Nova Scotia

Want a career as a full-time YouTuber or blogger? Here's how

Given the often tough job market for recent grads in Canada, many might be tempted to spend their days on YouTube. For some, that'll become a full-time job.

'I've never really applied for my first big-person job,' says Savannah Jones, aka Savannahandstuff

Savannah Jones offers boredom-busting tips in a recent video. (Courtesy Savannahandstuff)

Given the often tough job market for recent grads in Canada, many career-seekers might be tempted to spend their days on YouTube.

And for some, that'll become a full-time job.

Savannah Jones just graduated with a psychology degree from St. Francis Xavier University in Antigonish, N.S., but she has no plans to seek a regular job. She started her YouTube channel Savannahandstuff while she was a student in January 2013.

She now has more than 100,000 subscribers and eight million views. This one on acne has more than 750,000 views.

"I've never really applied for my first big-person job," she says. "I always wanted to grow my channel enough where I would be able to do it full time when I was done university." 

Her channel targets young people and offers items about makeup, beauty, fashion, DIY and a few other things.

"For pretty much all of my YouTube career, I was in school," says Jones. "Now that I'm done school, I do YouTube full time. I definitely see YouTube as something that I can build and build."

She writes, shoots and edits each video, and also appears in them all. One video can take from five to 12 hours to produce.

"It completely depends what realm of YouTube you're in. I do a lot of DIY videos, which really require heavy editing for the type of demographic I'm going for," she explains.

If you're aiming at an older group, simpler videos might do the job and take less time.

Jones says most professional YouTubers earn money from the ads that run before videos and through sponsors whose products appear in the videos. She declined to say how much she makes.

More views, more money

"It's an extremely low amount of money per view on that ad, but it really adds up when you get hundreds of thousands to millions of views every month," she says.

If you want a regular cheque going into your bank account, this is not the job for you. 

"One of the main reasons I love YouTube is because it's all in my control. I can work when I want to, I get to create my own schedule, I can create videos about virtually anything."

She can also work from anywhere — which means Halifax at the moment, but she may eventually move to a bigger city that has more YouTubers. That helps with collaborators, networks and bigger opportunities. All that builds your subscriber base.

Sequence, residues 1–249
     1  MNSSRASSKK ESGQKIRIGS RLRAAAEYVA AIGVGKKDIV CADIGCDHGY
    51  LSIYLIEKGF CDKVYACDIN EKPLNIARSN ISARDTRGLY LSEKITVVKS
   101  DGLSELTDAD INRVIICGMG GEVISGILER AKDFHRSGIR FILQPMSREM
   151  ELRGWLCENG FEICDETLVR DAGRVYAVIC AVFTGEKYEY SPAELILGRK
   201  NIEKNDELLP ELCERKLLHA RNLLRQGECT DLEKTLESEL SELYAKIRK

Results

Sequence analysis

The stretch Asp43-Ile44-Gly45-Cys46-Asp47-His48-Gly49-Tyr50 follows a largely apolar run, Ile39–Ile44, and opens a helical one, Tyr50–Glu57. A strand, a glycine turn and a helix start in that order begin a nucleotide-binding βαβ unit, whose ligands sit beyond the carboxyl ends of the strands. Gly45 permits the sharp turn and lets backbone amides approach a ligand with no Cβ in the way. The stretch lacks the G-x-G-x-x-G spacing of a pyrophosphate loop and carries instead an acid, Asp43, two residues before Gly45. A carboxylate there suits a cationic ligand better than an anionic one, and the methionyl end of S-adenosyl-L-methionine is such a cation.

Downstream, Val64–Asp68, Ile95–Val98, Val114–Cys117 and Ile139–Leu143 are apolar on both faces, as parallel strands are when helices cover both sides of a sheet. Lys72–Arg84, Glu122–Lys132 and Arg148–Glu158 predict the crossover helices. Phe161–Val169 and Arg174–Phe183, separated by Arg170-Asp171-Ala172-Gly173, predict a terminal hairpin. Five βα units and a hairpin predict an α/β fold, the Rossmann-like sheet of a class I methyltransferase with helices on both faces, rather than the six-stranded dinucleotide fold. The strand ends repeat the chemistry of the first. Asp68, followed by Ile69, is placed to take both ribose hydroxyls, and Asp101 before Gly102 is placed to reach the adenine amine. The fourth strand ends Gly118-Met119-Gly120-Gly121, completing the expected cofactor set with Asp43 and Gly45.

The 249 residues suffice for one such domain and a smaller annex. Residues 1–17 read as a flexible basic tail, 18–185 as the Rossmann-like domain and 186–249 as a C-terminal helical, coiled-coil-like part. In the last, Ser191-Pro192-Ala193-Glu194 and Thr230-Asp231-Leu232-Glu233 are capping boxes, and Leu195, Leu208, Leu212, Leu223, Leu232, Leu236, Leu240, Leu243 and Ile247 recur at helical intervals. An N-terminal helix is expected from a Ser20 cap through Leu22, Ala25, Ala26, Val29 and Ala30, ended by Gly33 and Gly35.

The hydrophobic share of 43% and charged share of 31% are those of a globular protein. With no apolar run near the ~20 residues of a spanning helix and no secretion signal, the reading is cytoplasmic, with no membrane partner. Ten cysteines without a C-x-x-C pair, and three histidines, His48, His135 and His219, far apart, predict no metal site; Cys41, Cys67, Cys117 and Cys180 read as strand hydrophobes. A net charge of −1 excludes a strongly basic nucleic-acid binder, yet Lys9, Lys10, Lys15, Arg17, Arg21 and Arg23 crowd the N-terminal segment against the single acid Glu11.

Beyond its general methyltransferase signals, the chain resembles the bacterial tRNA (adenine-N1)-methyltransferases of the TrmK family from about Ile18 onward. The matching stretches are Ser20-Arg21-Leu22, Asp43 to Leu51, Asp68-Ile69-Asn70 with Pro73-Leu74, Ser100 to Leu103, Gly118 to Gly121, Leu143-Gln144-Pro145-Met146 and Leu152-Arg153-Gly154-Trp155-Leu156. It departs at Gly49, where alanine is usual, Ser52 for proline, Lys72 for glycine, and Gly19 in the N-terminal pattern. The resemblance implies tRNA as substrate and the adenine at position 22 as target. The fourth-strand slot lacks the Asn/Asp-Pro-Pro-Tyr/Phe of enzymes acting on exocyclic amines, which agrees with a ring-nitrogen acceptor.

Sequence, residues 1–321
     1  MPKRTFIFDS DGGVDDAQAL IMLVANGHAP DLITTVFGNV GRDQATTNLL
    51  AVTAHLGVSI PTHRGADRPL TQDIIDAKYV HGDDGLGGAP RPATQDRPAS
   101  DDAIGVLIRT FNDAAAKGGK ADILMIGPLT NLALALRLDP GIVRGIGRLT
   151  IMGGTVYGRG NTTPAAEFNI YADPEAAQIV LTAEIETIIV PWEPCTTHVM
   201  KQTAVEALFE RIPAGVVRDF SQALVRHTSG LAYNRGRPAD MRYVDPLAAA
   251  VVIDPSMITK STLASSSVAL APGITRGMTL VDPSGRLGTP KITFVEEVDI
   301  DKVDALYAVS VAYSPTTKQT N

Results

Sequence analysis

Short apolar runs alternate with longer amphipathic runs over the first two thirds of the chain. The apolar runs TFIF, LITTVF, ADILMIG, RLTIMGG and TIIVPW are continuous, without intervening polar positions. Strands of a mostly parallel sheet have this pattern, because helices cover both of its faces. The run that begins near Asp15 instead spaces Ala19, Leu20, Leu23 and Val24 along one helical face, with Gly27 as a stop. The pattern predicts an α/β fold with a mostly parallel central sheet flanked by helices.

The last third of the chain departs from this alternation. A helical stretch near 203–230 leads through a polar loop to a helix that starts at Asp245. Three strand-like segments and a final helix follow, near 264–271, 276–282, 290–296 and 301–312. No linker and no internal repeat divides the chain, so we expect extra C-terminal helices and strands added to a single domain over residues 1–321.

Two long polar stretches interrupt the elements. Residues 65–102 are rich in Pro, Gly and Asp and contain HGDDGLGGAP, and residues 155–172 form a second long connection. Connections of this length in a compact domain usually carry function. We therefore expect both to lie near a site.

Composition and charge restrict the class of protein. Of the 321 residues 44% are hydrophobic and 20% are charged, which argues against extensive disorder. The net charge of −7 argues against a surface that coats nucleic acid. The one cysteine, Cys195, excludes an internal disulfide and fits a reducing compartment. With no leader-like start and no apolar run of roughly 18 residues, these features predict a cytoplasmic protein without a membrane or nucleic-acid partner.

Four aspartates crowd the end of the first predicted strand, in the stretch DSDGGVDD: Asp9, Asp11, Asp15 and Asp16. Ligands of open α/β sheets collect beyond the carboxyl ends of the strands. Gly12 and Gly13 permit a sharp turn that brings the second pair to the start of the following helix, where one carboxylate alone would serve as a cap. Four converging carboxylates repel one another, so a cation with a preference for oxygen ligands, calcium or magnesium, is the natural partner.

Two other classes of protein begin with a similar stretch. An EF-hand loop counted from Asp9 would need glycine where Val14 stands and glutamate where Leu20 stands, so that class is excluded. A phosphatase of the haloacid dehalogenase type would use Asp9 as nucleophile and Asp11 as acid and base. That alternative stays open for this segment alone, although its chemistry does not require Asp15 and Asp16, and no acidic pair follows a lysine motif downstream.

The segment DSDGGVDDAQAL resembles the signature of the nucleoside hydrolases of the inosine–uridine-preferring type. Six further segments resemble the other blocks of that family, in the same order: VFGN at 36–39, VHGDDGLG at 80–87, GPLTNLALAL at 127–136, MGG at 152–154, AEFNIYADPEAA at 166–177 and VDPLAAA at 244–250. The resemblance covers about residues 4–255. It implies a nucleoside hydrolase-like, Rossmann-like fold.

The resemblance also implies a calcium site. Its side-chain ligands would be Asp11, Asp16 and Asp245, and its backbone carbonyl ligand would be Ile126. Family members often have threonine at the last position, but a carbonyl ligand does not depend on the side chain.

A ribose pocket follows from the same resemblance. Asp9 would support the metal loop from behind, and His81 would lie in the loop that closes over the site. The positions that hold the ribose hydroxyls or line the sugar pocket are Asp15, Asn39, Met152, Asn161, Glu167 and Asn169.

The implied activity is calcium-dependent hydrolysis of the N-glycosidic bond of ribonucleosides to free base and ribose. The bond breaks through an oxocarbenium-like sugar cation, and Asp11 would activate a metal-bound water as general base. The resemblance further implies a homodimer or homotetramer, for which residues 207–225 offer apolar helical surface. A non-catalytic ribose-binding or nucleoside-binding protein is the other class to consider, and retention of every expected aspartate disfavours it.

YouTube declined to be interviewed for this article, or to provide any information on how many Canadians run full-time YouTube channels. 

Jones says the hardest part is building your audience. "I've been at this for two and a half years and I have 100,000 subscribers, but I know people who have been at it longer than me but haven't reached that."

Her advice to those who wish to follow her is simple.

"You need to find your own channel. If you're a travel blogger, what is the way you are authentically talking about your experiences? It really should be your own signature look and content."

Connecting business and bloggers

Tara Wickwire, a Halifax-based director of National Public Relations, helps corporations find ways to work with "digital influencers" like Jones. Basically, she convinces them to divert money from traditional media into digital media.

"Blogger engagement is very high on our radar here at National," she says.

Wickwire recently organized a gathering with the blogging network East Coast Mom Media looking at how bloggers and businesses can connect. 

"We had the opportunity to sit down and chat and hear from them what they are looking for in terms of content and how we can support them with our clients," she says. 

She offered her tips for making it.

What works

  • Knowing your audience and what they want to learn about.
  • Using quality photos and videos to show your story.
  • Designing your platform so it reflects the content.
  • Keeping it authentically your voice.
  • Connecting to traditional media for wider exposure.
  • Connecting with brands you already love.

What fails

  • Trying to be everything to everyone. Wickwire says unselective product support can kill off a hard-earned audience.
  • Forcing in products or content that barely relate to what you're talking about.
  • Letting your aging digital presence gather a Geocities vibe of outdatedness.

"The most successful people are the ones who integrate brand content with content that's authentic to their own platform," Wickwire says.

Good bloggers and YouTubers "don't want just straight product placement, they want to weave in the brand message with the content; that is what their readers are interested in reading on their platform."